Addressing Hurricane Fiona Recovery and Preparing for the Next Major Storm: A Q&A Session

Approaching the first anniversary of Hurricane Fiona, Hurricane Lee is currently on a trajectory towards the Atlantic coast.

Dr. Chris Houser, the Dean of the Faculty of Science at the University of Waterloo, specializes in coastal erosion. In conjunction with his citizen-science initiative, Coastie Canada, he is monitoring the progress of post-Fiona recovery and assessing the potential impact of this year’s storms on the already vulnerable eastern coast of Canada.

What were the immediate consequences of Hurricane Fiona on the dunes and beaches in Atlantic Canada, and what is their current state?
When Hurricane Fiona struck, it made landfall in the Atlantic provinces, causing significant damage with large storm waves and a heightened storm surge along the north shore of Prince Edward Island. This resulted in extensive beach and dune loss throughout the region. With the assistance of citizen scientists participating in the Coastie program, we were able to record dune erosion on PEI of up to 15 meters, as well as track the initial stages of beach and dune recovery.

What impact is another hurricane likely to have on the natural recovery process of the shoreline?
Dunes play a crucial role as natural barriers and sources of sediment that help regulate how the coastline responds to storms and rising sea levels. The dunes’ ability to provide protection depends on their capacity to recover from the last storm, a process that can take several years, contingent upon the extent of erosion during the previous storm and the rate at which sand is replenished on the beach between storms. The apparent increase in storm frequency and intensity makes it challenging for the dunes to recover fully, potentially leading to a situation where recovery takes one step forward and two steps back, ultimately reshaping the coastal environment significantly.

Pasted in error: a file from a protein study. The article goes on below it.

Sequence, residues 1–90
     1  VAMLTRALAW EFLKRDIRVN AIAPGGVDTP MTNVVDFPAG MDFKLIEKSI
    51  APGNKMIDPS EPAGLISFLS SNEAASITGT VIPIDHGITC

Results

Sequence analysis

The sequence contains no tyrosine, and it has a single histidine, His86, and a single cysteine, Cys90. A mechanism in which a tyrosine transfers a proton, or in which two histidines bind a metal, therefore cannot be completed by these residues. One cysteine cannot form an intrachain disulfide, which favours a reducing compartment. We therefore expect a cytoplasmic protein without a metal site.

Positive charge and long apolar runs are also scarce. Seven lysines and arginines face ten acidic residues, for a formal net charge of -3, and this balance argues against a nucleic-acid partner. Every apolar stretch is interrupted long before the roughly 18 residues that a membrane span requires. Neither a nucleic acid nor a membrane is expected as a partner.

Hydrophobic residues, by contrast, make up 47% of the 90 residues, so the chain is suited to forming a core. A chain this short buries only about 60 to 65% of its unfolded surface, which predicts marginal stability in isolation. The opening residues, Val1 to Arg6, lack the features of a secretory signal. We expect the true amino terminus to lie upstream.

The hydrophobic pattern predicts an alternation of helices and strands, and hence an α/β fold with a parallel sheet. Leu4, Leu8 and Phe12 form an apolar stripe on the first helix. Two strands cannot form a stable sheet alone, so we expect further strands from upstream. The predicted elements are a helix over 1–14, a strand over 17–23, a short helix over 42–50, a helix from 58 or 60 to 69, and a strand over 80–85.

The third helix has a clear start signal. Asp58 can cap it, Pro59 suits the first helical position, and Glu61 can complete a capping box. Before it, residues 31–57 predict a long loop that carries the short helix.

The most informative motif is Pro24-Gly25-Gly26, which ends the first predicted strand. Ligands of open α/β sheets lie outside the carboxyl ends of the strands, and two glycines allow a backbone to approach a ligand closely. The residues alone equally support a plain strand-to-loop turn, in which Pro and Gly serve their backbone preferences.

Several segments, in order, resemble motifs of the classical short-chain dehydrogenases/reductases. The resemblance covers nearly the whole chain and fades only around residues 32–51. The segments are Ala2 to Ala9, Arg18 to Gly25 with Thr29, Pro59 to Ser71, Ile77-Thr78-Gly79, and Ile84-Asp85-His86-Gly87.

What is at risk if the coastline cannot recover adequately?
If the dunes fail to regain their height and extent, each successive storm will progressively deplete their sediment, potentially causing breaches in the dune line. This would result in habitat loss, infrastructure damage, property destruction, and disruption to local communities. However, restoring the dunes and implementing managed retreat strategies for the coastline will require innovative management approaches to minimize the impact on infrastructure, property, and people’s livelihoods.

Source: University of Waterloo

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